Prefab reefs to attract fish could mean better commercial catches
They look like giant hair curlers stacked in a garage-size triangle. But they're actually prefabricated housing for fish - a new kind of artificial reef now being tested off the coast of Florida.
They're one of several new types of man-made reefs being spawned to make barren stretches of ocean bed more suitable for marine life. And, perhaps, to help commercial fishermen improve their catches, too.
Reefs also are being made now from old bridges and discarded oil rigs. All are part of a renewed thrust in the United States to improve and add to the more than 500 artificial reefs that dot the ocean floor off the country's coastlines.
Artificial reefs - in the past made of old tires, appliances, and even trolley cars tossed into the sea - have long been used to enhance marine life. They act as magnets for small fish, which in turn attract larger fish. Eventually barnacles, crustaceans, and other plants and animals cling to the reefs, creating whole new ecosystems. In some areas, artificial reefs have increased local fish populations more than twofold within a few years.
But now marine scientists are using new materials and methods to make fish habitats that are cheaper, easier to use, more likely to lure fish - and less likely to wash up on someone's beachfront.
One area being explored: prefabricated fish habitats, such as the giant hair curlers. This new generation of fish ''shelters'' is largely borrowed from the Japanese, the world leaders in artifical reef technology. Many of of the new prefabs are larger and more mobile than those used in the past.
Several being tested in Florida are made of rust-free plastic and fiber glass. Unlike bulky concrete reefs, which usually have to be toted to sea on a barge, these are equipped with inflatable air bags, making them easier to whisk around. They are anchored with concrete.
Daniel Sheehy, president of Aquabio Inc., a marine research-and-development company testing the reefs, says they have proved more effective as fish habitats so far than some traditional cement structures. Widespread use of prefab structures, though, remains a few years off. Instead, the chief building blocks for fish shelters in the United States continue to be old scrap materials. They are usually cheaper and more abundant. But many items traditionally used, like appliances and old tires, can end up on beaches after storms.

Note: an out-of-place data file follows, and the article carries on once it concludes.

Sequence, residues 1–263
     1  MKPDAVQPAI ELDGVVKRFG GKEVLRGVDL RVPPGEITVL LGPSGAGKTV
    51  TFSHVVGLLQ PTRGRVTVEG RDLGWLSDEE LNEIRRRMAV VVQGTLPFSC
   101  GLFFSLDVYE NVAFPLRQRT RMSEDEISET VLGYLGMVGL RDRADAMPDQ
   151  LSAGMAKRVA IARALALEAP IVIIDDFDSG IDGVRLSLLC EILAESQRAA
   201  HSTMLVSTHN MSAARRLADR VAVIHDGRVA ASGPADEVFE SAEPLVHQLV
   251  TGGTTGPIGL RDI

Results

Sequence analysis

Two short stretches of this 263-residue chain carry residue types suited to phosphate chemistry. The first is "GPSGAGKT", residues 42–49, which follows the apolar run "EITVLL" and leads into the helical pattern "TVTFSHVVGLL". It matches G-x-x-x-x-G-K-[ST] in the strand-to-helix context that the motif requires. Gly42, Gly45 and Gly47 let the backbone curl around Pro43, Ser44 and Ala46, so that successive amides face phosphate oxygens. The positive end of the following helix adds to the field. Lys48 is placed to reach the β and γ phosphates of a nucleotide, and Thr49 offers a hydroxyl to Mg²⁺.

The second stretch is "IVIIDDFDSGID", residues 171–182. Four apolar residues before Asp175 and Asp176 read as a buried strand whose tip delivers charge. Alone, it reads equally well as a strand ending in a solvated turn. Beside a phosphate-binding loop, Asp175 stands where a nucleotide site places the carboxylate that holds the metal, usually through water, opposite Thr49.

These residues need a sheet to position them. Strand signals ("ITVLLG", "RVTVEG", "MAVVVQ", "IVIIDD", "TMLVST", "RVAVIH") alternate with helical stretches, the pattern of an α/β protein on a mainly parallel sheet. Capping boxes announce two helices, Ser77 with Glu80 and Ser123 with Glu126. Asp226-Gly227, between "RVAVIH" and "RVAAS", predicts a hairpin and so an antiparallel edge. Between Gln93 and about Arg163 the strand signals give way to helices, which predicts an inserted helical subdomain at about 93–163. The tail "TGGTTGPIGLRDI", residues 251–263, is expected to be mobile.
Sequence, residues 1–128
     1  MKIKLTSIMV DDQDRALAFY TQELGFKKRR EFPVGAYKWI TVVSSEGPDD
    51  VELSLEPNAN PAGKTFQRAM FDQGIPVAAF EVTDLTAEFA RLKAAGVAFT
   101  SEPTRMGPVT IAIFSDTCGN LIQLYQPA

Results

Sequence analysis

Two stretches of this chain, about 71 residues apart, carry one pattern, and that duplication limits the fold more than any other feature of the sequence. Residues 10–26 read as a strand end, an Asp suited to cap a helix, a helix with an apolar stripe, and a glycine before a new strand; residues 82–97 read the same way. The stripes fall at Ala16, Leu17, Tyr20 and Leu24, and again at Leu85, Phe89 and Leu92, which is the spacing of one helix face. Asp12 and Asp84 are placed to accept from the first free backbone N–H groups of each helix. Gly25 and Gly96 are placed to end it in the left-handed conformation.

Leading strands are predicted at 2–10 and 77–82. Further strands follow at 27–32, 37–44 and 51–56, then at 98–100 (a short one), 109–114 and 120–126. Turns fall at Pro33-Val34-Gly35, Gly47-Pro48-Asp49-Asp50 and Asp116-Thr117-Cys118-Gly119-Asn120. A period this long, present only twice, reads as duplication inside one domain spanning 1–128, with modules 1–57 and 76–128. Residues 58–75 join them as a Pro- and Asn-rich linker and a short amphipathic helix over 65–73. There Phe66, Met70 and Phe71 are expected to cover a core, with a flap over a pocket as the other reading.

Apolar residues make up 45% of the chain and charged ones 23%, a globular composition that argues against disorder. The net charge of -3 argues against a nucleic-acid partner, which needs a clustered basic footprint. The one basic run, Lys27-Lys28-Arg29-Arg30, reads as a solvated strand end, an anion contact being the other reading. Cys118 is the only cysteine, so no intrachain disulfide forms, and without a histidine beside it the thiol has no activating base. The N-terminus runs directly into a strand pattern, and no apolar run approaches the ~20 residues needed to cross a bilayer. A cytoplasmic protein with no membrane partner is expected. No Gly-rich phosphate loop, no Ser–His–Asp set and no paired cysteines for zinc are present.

Thus even here scientists are finding new answers. One of the best may prove to be discarded oil and gas rigs. Platforms in the Gulf of Mexico have long been known to spawn new marine ecosystems (provided there are no oil spills). But once a well is capped, the rigs are usually towed ashore and sold for scrap (by law they have to be removed once out of production).
Parts of two rigs now lie off the Florida coast. The first was tossed overboard in 120 feet of water in 1980; the second was sunk last September. Scientists say they are better fish habitats than many other scrap materials because they are taller and more open.
''Most fish won't go up into dark openings. They need to move in and out with the current,'' says Dr. Heyward Mathews, an oceanographer at St. Petersburg Junior College. ''An oil rig sticks up like a Tinkertoy.''
Some fisheries experts would like to see more rigs used as reefs. There's no lack of supply: Oil companies scrap some 40 rigs a year from the Gulf of Mexico alone. A chief snag, however, is who pays for any damage that might occur from the rigs, say, snagging a fishing net, and who foots the hefty bill to tow them into place? In the Florida experiment, the state has taken responsibility for damages.
To spur more reef building, sport fishermen and some others would like to see tax incentives given to companies that donate old rigs, construction rubble, bridges, and other materials. Still, some environmentalists caution that, without strict supervision, it could become a convenient way to use the ocean as a dumping bin.